Discovery of a drug candidate that neutralizes

Image: The discovery of a small molecule in the research lab of Bradley McConnell, professor of pharmacology at the University of Houston College of Pharmacy, could well be the emergence of new drugs that could shorten the course of the coronavirus. see more

Photo credit: University of Houston

The discovery of a small molecule in the research lab of Bradley McConnell, a professor of pharmacology at the University of Houston College of Pharmacy, could well be the birth of new drugs that could shorten the course of the SARS-CoV-2 virus. Unlike Paxlovid, Pfizer’s antiviral drug, which is only useful for the first three days after symptoms appear, this potential new drug could shorten the course of the virus upon exposure.

“Neutralizing small molecules can provide immediate protection against viral infections and are therefore appropriate for people of all ages and may be particularly useful in high-risk populations and immunocompromised individuals who do not typically produce enough antibodies after vaccination,” McConnell said in Biomedicines. “This exciting new small molecule drug candidate has the potential to be developed into an alternative drug treatment for COVID-19.”

Discovery of the molecule began at the height of the pandemic, when students at McConnell’s lab were working from home and the idea arose that maybe a tiny molecule could affect the virus. The team verified 1,509,984 feature-rich connections in the UH Research Computing Data Core, home of the Hewlett Packard Enterprise Data Science Institute.

The team was looking for a molecule that could disrupt the interaction between the spike protein, found on the outside of the coronavirus, and its human target for entering human cells, the ACE2 protein.

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“Our team is excited about the discovery of a small molecule therapeutic that inhibits the interaction between the spike protein of the COVID-19 virus and the ACE2 receptor of the infected individual,” said McConnell. “We are grateful that the university has the powerful computing power on campus to drive our work so effectively. This is a discovery that could ultimately impact many lives.”

McConnell’s team includes Arfaxad Reyes-Alcaraz, Hanan Qasim, Elizabeth Merlinsky, Tasneem Islam and Bryan Medina of UH College of Pharmacy; Robert J. Schwartz, John W. Craft, Jr. from the UH Department of Biology and Biochemistry; and Glenn Fox, Rogers State University in Oklahoma.

During the experimental phase, the team selected the top 15 molecules that disrupted the interaction between the spike protein and the ACE2 receptor. Molecular dynamics simulations showed that some of the compounds from these libraries had favorable interactions with the cleavage site of the ACE receptor binding domain of the spike protein, resulting in potential neutralization of SARS-CoV-2 infection, and one particular molecule rose to the Tip: CD04872SC, which formed the closest connection.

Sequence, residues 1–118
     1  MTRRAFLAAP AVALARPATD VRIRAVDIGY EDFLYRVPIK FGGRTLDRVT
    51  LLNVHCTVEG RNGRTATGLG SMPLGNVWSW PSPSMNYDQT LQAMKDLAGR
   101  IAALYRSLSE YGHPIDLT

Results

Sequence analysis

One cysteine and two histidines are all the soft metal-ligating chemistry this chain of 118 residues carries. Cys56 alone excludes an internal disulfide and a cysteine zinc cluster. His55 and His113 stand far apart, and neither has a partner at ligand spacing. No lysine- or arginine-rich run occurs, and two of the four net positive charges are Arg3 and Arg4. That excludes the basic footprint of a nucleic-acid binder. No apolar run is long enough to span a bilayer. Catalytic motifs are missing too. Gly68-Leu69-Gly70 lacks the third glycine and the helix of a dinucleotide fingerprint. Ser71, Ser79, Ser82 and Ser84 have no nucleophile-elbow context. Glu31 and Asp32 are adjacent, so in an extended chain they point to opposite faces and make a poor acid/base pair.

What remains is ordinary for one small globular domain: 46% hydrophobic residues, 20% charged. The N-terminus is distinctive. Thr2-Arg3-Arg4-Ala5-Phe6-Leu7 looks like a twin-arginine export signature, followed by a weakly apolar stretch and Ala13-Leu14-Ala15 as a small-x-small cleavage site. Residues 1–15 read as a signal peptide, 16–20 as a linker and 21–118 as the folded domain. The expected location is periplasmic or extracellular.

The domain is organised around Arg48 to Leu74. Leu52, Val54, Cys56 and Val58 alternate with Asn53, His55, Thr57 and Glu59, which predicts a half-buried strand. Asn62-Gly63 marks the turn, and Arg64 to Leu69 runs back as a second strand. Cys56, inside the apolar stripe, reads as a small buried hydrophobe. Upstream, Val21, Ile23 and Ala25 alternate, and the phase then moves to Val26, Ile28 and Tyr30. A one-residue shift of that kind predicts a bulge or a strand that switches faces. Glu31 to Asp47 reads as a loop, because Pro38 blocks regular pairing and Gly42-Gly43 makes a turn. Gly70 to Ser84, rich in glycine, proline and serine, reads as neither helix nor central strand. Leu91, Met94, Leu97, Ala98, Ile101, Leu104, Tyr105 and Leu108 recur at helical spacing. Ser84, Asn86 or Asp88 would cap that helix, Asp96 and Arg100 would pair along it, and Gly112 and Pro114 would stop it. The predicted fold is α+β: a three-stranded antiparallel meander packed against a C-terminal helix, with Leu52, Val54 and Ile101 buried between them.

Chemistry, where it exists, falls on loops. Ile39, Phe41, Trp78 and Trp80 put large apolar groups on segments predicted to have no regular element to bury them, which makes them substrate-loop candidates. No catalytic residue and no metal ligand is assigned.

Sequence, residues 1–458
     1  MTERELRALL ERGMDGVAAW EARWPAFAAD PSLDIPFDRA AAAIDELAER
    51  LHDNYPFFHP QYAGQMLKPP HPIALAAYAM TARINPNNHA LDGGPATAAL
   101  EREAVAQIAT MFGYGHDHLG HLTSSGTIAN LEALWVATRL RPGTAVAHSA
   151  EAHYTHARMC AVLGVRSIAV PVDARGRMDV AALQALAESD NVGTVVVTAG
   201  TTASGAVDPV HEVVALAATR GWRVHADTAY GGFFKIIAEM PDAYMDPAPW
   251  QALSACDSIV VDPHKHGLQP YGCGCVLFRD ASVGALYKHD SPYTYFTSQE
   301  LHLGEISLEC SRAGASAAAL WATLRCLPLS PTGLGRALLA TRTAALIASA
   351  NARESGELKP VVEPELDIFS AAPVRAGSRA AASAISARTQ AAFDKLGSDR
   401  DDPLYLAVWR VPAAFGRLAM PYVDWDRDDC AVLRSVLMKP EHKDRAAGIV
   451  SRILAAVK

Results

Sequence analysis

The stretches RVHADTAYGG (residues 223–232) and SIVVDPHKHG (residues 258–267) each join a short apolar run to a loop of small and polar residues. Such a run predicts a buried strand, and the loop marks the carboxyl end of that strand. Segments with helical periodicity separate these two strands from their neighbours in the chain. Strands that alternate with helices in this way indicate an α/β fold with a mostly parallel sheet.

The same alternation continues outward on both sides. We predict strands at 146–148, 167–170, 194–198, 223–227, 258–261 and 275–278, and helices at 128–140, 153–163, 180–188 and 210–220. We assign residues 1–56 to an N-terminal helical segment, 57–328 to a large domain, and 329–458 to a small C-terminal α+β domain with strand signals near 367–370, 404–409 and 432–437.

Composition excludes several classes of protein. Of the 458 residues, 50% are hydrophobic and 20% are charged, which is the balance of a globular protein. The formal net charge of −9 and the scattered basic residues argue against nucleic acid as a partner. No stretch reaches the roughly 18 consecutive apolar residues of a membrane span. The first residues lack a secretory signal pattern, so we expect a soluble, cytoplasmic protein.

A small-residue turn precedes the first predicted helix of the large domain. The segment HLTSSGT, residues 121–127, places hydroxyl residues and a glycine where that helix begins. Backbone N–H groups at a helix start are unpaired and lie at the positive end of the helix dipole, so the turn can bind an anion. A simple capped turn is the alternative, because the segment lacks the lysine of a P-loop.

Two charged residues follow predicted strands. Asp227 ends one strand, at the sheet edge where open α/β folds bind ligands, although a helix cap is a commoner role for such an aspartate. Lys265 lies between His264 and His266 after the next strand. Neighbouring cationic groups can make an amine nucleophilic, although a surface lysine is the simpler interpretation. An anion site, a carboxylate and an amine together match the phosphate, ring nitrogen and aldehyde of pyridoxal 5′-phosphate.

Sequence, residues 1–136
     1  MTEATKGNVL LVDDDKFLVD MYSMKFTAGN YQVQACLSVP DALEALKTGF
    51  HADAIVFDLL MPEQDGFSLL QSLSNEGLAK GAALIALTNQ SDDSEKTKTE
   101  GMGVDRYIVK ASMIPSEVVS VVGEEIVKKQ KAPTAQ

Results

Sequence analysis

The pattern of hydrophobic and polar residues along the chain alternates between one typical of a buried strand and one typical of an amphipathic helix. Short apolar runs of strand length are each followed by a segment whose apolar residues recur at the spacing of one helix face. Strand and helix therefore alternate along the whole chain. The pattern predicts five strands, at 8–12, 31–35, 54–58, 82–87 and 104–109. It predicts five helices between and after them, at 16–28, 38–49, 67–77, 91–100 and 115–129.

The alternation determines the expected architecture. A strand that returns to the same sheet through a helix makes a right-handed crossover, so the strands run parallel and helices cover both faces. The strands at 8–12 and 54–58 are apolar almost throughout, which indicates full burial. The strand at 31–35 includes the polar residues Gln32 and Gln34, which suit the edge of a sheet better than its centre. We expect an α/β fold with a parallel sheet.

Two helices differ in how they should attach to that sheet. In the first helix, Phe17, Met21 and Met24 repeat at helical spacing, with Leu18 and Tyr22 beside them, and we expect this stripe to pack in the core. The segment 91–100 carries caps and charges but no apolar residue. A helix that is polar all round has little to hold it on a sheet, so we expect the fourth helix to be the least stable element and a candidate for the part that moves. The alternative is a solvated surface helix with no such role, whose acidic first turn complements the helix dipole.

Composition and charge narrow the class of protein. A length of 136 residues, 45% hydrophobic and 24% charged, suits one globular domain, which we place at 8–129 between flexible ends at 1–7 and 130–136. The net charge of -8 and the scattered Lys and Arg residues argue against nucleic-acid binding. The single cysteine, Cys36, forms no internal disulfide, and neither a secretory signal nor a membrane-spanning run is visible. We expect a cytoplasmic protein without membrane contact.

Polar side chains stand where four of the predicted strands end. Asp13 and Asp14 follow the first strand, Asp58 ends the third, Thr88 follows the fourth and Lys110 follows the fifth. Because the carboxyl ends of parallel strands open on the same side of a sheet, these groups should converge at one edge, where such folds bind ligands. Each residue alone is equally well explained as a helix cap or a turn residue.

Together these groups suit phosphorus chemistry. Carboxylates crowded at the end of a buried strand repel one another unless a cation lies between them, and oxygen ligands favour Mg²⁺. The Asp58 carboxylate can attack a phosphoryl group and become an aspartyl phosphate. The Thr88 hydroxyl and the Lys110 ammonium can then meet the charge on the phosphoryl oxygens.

“We were able to observe experimentally that CD04872SC also inhibits the infection of the SARS-CoV-2 variants Delta and Omicron,” says Reyes-Alcaraz, the first author of the study.

“To demonstrate the binding between CD04872SC and the spike proteins of each variant, we performed a thermal shift assay that measures changes in thermal denaturation temperature and serves as an indicator of the stability of a protein under different conditions, e.g. when it’s attached to a drug, pH, ionic strength, or sequence mutation,” said Craft, associate professor in the Department of Biology and Biochemistry.

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It’s a medical discovery whose time has come.

The SARS-CoV-2 virus and its variants Delta and Omicron remain a major threat to patients of all ages. The variants show how easily the virus can accommodate antigenic changes in its spike protein without loss of fitness.

“The Omicron variant has placed a particular strain on healthcare systems around the world. Therefore, there is an urgent need to identify effective antiviral agents to combat this infectious disease,” McConnell said.

Looking ahead, McConnell suggests further development of molecular derivatives and pre-clinical studies.

“This promising drug candidate should be developed into a family of derivatives that could be further refined, potentially leading to a more effective and less expensive alternative to expensive neutralizing treatments,” McConnell said.

article title

A small molecule that neutralizes infection with SARS-CoV-2 and its most contagious variants, Delta and Omicron, in vitro

Article publication date

March 15, 2023

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